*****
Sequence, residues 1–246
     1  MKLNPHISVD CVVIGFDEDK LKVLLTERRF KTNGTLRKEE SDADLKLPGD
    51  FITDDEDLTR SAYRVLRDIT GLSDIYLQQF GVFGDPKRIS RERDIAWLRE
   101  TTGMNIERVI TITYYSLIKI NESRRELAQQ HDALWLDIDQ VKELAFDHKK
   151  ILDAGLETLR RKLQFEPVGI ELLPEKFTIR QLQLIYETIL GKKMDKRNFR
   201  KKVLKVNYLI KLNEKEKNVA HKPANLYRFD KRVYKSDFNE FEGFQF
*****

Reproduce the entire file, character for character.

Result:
Sequence, residues 1–246
     1  MKLNPHISVD CVVIGFDEDK LKVLLTERRF KTNGTLRKEE SDADLKLPGD
    51  FITDDEDLTR SAYRVLRDIT GLSDIYLQQF GVFGDPKRIS RERDIAWLRE
   101  TTGMNIERVI TITYYSLIKI NESRRELAQQ HDALWLDIDQ VKELAFDHKK
   151  ILDAGLETLR RKLQFEPVGI ELLPEKFTIR QLQLIYETIL GKKMDKRNFR
   201  KKVLKVNYLI KLNEKEKNVA HKPANLYRFD KRVYKSDFNE FEGFQF